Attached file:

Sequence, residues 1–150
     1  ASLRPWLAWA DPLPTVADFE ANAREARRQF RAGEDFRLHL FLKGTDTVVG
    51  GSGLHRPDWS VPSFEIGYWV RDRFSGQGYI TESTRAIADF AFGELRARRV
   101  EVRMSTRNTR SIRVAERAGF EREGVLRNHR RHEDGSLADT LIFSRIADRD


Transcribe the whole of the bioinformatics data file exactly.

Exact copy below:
Sequence, residues 1–150
     1  ASLRPWLAWA DPLPTVADFE ANAREARRQF RAGEDFRLHL FLKGTDTVVG
    51  GSGLHRPDWS VPSFEIGYWV RDRFSGQGYI TESTRAIADF AFGELRARRV
   101  EVRMSTRNTR SIRVAERAGF EREGVLRNHR RHEDGSLADT LIFSRIADRD